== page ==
Keep it simple stupid.

PK modeling of vancomycin

Vancomycin pharmacokinetics vary widely between patients.

"Compared with aminoglycosides, the variability in the distribution volume of vancomycin is extreme. Published inter-patient variability has been reported as 0.26 to 1.30 L/kg, 0.21 to 1.51 L/kg, 0.2 to 1.3 L/kg, and 0.37 to 1.40 L/kg in a series of studies.

The average Vd also varies widely in the literature, with early reports suggesting a value of 0.9 L/kg and more recent studies indicating a smaller Vd of 0.5 L/kg.

There does not appear to be any readily identifiable clinical characteristic to explain this variability. Unlike the aminoglycosides where one can often predict a larger or smaller than average Vd based on fluid status, variability in vancomycin Vd appears to be completely unpredictable."22

This is illustrated by comparing distribution curves for Vd. For vancomycin we see a fat tailed bell curve indicating there are more complex interdependent factors affecting the volume of distribution:

Figure 1. Comparative Vd Distribution of Aminoglycosides and Vancomycin
bell curve

 

Comparing Vancomycin Pharmacokinetic Models

The following table summarizes several vancomycin one-compartment models, collected from the published literature and from colleagues.

Table 1. Vancomycin One-compartment Model Parameters
Source Elimination rate/Clearance Volume of distribution
Ambrose
(2001)
CL ml/min = CrCl (0.17 [age in years]) + (0.22 [ABW in kg]) + 15
Bauer
(1982)
CL ml/min/kg = 0.05 + (CrClml/min/kg x 0.695) 0.47 L/kg
Birt
(1990)
Kel = 0.0726 + (CrCl x 0.000545) 0.54 L/kg
Burton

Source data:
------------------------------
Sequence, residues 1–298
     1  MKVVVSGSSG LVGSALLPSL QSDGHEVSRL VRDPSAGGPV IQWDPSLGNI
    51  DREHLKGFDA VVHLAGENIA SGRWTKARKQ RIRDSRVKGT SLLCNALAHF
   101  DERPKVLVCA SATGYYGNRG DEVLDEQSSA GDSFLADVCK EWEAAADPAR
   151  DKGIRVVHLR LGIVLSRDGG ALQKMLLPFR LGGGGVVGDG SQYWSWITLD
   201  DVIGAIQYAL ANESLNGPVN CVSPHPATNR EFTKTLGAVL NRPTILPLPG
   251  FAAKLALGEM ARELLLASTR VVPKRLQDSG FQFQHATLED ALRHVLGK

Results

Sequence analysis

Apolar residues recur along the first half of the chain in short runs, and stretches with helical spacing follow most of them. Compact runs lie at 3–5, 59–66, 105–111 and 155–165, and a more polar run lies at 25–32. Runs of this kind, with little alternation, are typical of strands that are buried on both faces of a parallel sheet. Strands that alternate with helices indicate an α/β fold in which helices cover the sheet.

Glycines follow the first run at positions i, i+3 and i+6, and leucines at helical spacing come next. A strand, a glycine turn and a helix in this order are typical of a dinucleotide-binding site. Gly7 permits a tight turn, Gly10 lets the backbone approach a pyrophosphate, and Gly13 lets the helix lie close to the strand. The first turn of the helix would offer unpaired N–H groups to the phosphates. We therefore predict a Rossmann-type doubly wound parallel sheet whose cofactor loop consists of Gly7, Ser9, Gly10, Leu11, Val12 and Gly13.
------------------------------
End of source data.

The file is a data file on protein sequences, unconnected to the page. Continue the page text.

(1989)
CL ml/min = 0.04 + (CrCl x 0.0075) 0.47 L/kg
Burton revised
(1991)
CL L/hr = CrCl x 0.048 0.706 L/kg
Matzke
(1985)
CL ml/min = 3.66 + (CrCl x 0.689) 0.72 L/kg if CrCl is >60 mL/min
0.89 L/kg if CrCl is 10 to 60 mL/min
0.90 L/kg if CrCl is <10 mL/min.
Matzke variation
(1991)
Kel = 0.009 + (CrCl x 0.0022) 0.90 L/kg
Moellering
(1981)
Kel = 0.074 + [CrClml/min/kg x 0.08] 0.90 L/kg
Rodvold
(1988)
CL ml/min = 15.7 + (CrCl x 0.79) 0.50 L/kg if CrCl is >70 mL/min/70 kg
0.59 L/kg if CrCl is 4070 mL/min/70 kg
0.64 L/kg if CrCl is 1039 mL/min/70 kg
Abbott
(1992)
CL L/hr = 0.05 + (CrCl x 0.75) 0.65 L/kg
Creighton
(1992)
Kel = 0.0044 + (CrCl x 0.00083) 0.70 L/kg
VA
(1992)
CL ml/min = CrCl x 0.9 0.70 L/kg
Winter
(1994)
CL L/hr = CrCl x 0.065 0.7 L/kg

The following table summarizes several vancomycin two-compartment models, collected from the published literature.

Table 2. Vancomycin Two-compartment Model Parameters
Source CL Vp Vc k21 hr-1 k12 hr-1 Q (L/hr)
Uaamnuichai
(1987)
(CrCl x 0.0075) + 0.04
Rodvelt
(1989)
(CrCl x 0.75) + 0.05 0.65 L/kg 0.21 L/kg 0.48 1.12
Burton
(1991)
CrCl x 0.048 0.77 L/kg
Ito
(1993)
[(CrCl x 0.72) + 3.5] x 0.06 0.74 L/kg TBW 0.12 L/kg TBW 0.41 1.12
Fernandez
(1996)
(CrCl x 0.75) + 0.05 0.82 L/kg 0.21 L/kg 0.48 1.12
Teramachi.
(2002)
60.7 L 0.213 0.525
Llopis-Salvia
(2006)
(CrCl x 0.034) + 0.015 1.32 L/kg 0.41 L/kg 7.48
Thomson
(2009)
2.0 x [1 + 0.015 x (CrCl - 66)] 0.68 L/kg 0.732 L/kg 2.28
Yamamoto
(2009)
(CrCl x 0.032) + 0.32 0.48 L/kg 8.81 L 60.6
Sanchez
(2010)